That was at least better than the first session for Sri Lanka. India were up against a deflated side, which began the day with a deep point in place. All they managed to do was make India wait, not work hard, for their runs. It took 50 minutes for the visitors to hit the first of only seven boundaries in the morning session, Dhawan’s hundred off 178 balls was his slowest in Tests, and Kohli scored only 17 off the first 56 balls he faced. Scoring picked up in the second hour with 99 coming off the first session, but the wickets later in the day meant India were back waiting for their runs.

It took Sri Lanka nine overs to draw a semblance of a chance from India, but when Kohli drove loosely, the dying edge went through the vacant gully position. The veteran Herath then began to string together a set of decent overs. In the 12th over of the day, the 46th of the innings, he drew a bat-pad offering from Dhawan but it fell wide of short leg. In the next over, though, Pradeep released the pressure by offering a half-volley, which Dhawan drove for the first boundary of the day. Kaushal’s introduction brought about a rise in the scoring rate. When he went for 12 in the 53rd over of the innings, India were in the lead.

With captain Angelo Mathews off the field with fever, Sri Lanka were looking at long sessions in the field. As it happens with teams in such situations, the fielding began to drop: minutes before lunch, Kohli stole a single when Dhawan hit a ball straight to Pradeep at short third man, and could be heard on the stump mic, saying, “So raha hai woh [He is sleeping].”

Mathews was back after lunch, and Sri Lanka were more alert in the second session, although the same couldn’t be said of the umpire Nigel Llong. Kaushal managed to finally get in a set of decent deliveries, first beating Dhawan’s outside edge twice, and then beating Kohli on the sweep. Llong’s risen finger made this the fifth of Kohli’s 11 hundreds to end under 110, but the ball seemed headed down leg. In Kaushal’s next over, an offbreak beat Rahane’s inside edge, but it hit him in front of middle after having pitched well outside off. Another dubious lbw given, and Sri Lanka were now looking at India’s weakness: Saha in with India having gone from 255 for 2 to 257 for 4.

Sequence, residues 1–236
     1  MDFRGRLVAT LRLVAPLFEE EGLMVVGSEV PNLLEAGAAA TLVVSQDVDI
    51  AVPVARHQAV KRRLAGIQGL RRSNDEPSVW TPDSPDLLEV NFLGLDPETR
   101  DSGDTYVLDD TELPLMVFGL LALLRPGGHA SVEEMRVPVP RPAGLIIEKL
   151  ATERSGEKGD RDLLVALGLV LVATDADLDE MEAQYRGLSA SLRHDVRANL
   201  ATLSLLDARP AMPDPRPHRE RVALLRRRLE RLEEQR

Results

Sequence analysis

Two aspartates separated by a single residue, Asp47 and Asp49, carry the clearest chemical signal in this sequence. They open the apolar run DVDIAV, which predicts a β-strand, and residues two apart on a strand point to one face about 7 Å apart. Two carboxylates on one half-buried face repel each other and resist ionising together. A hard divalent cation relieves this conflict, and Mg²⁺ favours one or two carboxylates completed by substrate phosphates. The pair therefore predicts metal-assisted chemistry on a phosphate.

Then arrived Kaushal’s full tosses although even one of them would have ended up with a wicket had Lahiru Thirimanne caught Dhawan at short cover. Dhawan had reached 122 by then, and even when he didn’t get loose balls he batted superbly. The use of his feet to advance down the wicket against spin, even if only for singles or defensive shots, also provided him quite a few flat deliveries, which he nonchalantly dabbed behind square for runs.

Dhawan always looked at ease, and when he fell to the new ball, which was taken in the 87th over playing Pradeep on, it was against the run of play. Wickets then fell regularly, three of them to Kaushal, who to his credit bowled better now, but runs kept coming too. The umpires intervened again, with Saha given out caught off the helmet, which only meant four testing overs for the Sri Lanka openers. How they would have loved to face their own bowlers.

Instead they got R Ashwin and Amit Mishra bowling accurately, turning the ball massively, and enjoying the natural variation from the pitch. In the first over, Ashwin made Dimuth Karunaratne his fifth left-hand victim of the match with a seam-up arm ball just after a big offbreak. Mishra removed Kaushal Silva with a wrong’un. You would expect better from Test openers.